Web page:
Wage theft case has Republicans’ questions unanswered from Pritzker, Democrats | Illinois

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(The Center Square) – Illinois statehouse Republicans are waiting for answers from the state’s top Democrats over questions about a story involving alleged wage theft, forgery and a last-minute change to state law.

Former Illinois State Police Merit Board CFO Jenny Thornley, who did campaign work for Gov. J.B. Pritzker in 2018, was charged in Sangamon County last month with stealing up to $100,000 in false overtime. It’s alleged she forged the signature of the agency’s executive director, Jack Garcia.

During Garcia’s investigation of Thornley, Republicans say Thornley filed a sex harassment complaint against Garcia, which was later determined to be unfounded.

“We are specifically concerned about the direct communication between the accused in the indictment, Ms. Thornley, the Illinois State Police Merit Board and the Governor’s Office during the investigation led by Executive Director Jack Garcia,” an Oct. 1 letter Republicans sent the governor, House Speaker Emanuel “Chris” Welch, D-Hillside, and Senate President Don Harmon, D-Oak Park, says.

State Sen. John Curran, R-Downers Grove, said it doesn’t stop there.

“We also know that the governor’s administration pushed for a clause in the criminal justice package passed in January to terminate that same executive director’s employment,” Curran said during an unrelated news conference. “This is on it’s face retaliation.”

The Republican’s letter to the top Democrats highlights the bill language of concern in Public Act 101-652 that wasn’t in previous versions of the measure throughout early January.

“In order to avoid actual conflicts of interest, or the appearance of conflicts of interest, no employee, contractor, clerical or technical staff shall be a retired or former employee of the Illinois State Police,” the GOP letter highlights from Public Act 101-652.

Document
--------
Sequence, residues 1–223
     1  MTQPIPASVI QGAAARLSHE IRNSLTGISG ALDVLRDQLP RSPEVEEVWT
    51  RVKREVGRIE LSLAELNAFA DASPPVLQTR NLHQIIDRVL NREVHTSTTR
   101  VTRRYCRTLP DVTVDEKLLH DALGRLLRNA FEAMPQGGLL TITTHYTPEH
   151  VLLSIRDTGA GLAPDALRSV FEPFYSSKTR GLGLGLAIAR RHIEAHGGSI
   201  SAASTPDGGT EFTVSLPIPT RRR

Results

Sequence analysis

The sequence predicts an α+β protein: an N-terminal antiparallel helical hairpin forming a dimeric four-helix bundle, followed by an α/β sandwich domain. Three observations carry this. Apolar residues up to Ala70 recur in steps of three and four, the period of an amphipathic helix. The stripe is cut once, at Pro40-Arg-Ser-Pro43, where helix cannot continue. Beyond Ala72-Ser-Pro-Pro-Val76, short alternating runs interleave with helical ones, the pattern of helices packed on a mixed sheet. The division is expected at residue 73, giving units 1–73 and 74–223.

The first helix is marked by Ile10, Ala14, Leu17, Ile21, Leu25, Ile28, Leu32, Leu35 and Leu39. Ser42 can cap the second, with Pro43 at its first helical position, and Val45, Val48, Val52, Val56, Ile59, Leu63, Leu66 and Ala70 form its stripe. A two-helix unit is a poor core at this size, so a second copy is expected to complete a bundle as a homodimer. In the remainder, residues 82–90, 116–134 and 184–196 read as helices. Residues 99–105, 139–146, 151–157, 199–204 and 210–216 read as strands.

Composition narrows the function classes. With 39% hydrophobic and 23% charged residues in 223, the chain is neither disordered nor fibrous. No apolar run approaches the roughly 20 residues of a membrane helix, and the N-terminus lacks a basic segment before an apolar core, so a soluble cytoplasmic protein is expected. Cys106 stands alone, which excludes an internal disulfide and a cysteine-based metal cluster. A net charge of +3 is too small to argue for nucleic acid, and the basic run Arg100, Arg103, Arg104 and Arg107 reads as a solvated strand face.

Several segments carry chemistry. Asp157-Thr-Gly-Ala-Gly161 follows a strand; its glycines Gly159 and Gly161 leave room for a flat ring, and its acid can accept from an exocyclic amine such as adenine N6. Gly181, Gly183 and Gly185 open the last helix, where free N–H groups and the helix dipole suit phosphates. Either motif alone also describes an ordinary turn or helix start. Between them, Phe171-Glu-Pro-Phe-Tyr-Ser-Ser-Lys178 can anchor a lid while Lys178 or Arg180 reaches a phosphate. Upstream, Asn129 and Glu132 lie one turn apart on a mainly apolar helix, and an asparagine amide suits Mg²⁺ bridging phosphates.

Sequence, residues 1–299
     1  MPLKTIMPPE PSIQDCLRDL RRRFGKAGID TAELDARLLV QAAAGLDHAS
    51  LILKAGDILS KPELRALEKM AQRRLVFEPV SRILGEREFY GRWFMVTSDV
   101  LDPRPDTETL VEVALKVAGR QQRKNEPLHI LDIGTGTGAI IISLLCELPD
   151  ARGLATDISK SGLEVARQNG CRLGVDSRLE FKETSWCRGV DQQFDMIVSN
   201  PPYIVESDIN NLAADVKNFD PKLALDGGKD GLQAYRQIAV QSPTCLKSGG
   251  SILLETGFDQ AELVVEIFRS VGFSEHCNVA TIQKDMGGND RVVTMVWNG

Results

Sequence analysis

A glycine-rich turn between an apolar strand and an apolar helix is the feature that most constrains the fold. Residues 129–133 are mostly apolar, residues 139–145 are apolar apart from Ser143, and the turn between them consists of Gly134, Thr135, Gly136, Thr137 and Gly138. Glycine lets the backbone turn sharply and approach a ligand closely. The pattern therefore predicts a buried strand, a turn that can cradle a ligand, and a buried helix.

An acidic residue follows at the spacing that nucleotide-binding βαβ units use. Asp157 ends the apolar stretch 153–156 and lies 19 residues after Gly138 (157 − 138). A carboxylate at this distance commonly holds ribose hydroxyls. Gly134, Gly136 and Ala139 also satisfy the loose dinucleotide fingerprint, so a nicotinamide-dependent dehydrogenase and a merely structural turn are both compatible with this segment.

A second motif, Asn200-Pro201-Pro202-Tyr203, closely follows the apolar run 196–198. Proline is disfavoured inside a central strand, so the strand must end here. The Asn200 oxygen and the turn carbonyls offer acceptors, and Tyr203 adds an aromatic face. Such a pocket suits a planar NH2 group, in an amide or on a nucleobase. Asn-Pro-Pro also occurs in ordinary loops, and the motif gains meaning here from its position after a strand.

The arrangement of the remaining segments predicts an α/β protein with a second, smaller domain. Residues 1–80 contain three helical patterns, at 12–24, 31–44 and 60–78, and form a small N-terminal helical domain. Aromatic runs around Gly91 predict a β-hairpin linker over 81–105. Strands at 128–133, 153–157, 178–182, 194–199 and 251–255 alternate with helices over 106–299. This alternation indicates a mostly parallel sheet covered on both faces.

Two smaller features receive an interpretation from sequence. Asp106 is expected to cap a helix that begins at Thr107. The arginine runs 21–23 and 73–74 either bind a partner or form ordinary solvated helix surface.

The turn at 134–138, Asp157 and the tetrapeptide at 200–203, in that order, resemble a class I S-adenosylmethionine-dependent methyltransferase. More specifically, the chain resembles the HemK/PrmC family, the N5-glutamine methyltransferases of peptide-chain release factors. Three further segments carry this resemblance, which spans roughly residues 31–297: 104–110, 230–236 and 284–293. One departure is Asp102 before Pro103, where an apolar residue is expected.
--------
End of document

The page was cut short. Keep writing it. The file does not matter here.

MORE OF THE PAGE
That part of the law would be effective Jan. 1, 2022, effectively terminating Garcia, who is the first executive director for the agency with Illinois State Police experience, Republicans said.

“Did anyone in [the Pritzker] administration know about Executive Director Garcia’s investigation [of Thornley] and why they didn’t pull back in seeking to terminate him through legislation,” Curran asked.

Among other questions Republicans laid out in their letter was who decided to add the provision to the bill and why.

“Why would this language be added in the dead of night to force an appointee who had successfully rooted out corruption in his organization and had been cleared of any wrongdoing out of his position?,” the letter asks. “What communication on this language occurred prior to its addition? What role did the Governor’s Office have in this addition, and were communications with Ms. Thornley discussed?”

“Will the Governor’s Office, Office of the Senate President and Office of the Speaker of the House provide communications related to this addition to the press and their legislative colleges to ensure we understand the reason for this inclusion?, the letter asks.

Curran said they have to get a response from the governor, the House Speaker and the Senate President.

Spokespersons for those offices didn’t return messages from The Center Square seeking comment.



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Caleb Alexander

Caleb Alexander

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